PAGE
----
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Quartette, 1953. Copper. Image copyright Effy Alexakis 2002.

Quartette, 1953. Copper.
Image copyright Effy Alexakis 2002.

gallery - catalogue - page three

There was a sculpture park in Shepherd's Bush, and a major sculpture exhibition called The Unknown Political Prisoner, which was won by Reg Butler - I thought his works were about as crazy as mine.

I was making small sculptures in our flat. Then I changed my job to a firm which manufactured things out of copper. Great pieces of copper were being thrown away as scrap. I was allowed to go down every lunch hour to the workshop and play around with it. One sculpture I entered in an exhibition called Artists from the Commonwealth received quite a lot of acclaim. Barry Humphries - he was a painter in those days - had some work in that show, too.

We got back to Australia in 1955, and again I worked as an engineer, for about three years. I bought a block of land in Turramurra where we live now, and I designed a house for it, and made a model of it, and an architect asked whether I'd make models for him. I wasn't sure, but then as fortune would have it I was retrenched. I've never worked for anyone since.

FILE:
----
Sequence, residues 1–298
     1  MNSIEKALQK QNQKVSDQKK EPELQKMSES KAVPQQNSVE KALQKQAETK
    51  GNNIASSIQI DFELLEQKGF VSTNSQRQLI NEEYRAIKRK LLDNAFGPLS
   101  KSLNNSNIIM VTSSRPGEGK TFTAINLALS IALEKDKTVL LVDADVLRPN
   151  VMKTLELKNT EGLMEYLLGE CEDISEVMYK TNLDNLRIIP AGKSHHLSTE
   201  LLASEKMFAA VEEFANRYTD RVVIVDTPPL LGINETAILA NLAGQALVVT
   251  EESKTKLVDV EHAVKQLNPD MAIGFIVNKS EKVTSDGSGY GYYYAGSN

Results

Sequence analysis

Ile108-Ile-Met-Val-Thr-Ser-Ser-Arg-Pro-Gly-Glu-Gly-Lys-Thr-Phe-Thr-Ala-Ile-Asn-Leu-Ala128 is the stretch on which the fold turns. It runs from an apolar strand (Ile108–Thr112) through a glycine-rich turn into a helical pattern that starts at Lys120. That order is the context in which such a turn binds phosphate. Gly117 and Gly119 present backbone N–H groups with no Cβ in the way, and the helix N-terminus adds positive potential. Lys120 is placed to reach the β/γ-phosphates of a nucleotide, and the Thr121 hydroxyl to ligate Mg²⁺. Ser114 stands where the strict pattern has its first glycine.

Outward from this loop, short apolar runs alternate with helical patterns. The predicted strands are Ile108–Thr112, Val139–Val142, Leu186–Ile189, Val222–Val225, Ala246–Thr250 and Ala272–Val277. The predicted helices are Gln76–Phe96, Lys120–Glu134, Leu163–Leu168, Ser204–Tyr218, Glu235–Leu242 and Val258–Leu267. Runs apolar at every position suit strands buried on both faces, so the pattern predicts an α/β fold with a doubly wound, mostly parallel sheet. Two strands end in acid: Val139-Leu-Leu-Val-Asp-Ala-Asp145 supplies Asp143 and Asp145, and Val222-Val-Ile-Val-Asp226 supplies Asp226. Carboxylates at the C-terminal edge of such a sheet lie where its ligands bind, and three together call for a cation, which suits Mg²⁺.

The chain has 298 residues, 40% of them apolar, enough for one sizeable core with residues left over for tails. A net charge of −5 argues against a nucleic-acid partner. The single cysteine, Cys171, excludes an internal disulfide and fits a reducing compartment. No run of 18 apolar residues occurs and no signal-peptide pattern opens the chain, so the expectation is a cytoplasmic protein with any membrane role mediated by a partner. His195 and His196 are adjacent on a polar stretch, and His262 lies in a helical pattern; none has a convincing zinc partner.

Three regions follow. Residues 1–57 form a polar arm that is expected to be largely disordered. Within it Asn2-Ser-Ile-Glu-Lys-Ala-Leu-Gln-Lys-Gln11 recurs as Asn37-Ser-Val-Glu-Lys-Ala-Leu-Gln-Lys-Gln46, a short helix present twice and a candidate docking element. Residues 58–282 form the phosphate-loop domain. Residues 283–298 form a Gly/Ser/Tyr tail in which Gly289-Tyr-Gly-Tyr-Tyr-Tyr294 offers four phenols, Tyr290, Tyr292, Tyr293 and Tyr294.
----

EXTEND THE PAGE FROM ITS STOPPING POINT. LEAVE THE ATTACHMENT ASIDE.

I was deluged with orders for models, and before long I had a couple of people working for me whom I trained. Then there was the building boom in Sydney, and for every building a model was needed.

One of my clients was Wally Abraham [Macquarie's founding Architect-Planner]. Before the first sod was turned they had me doing models of buildings for this campus.

But I never stopped making sculptures. And I was getting frightfully bored making models of other people's designs. I wanted to do something myself. I realise now that, theoretically, I should have practised sculpture from the very beginning, but I needed to support a family. I have no regrets about that.

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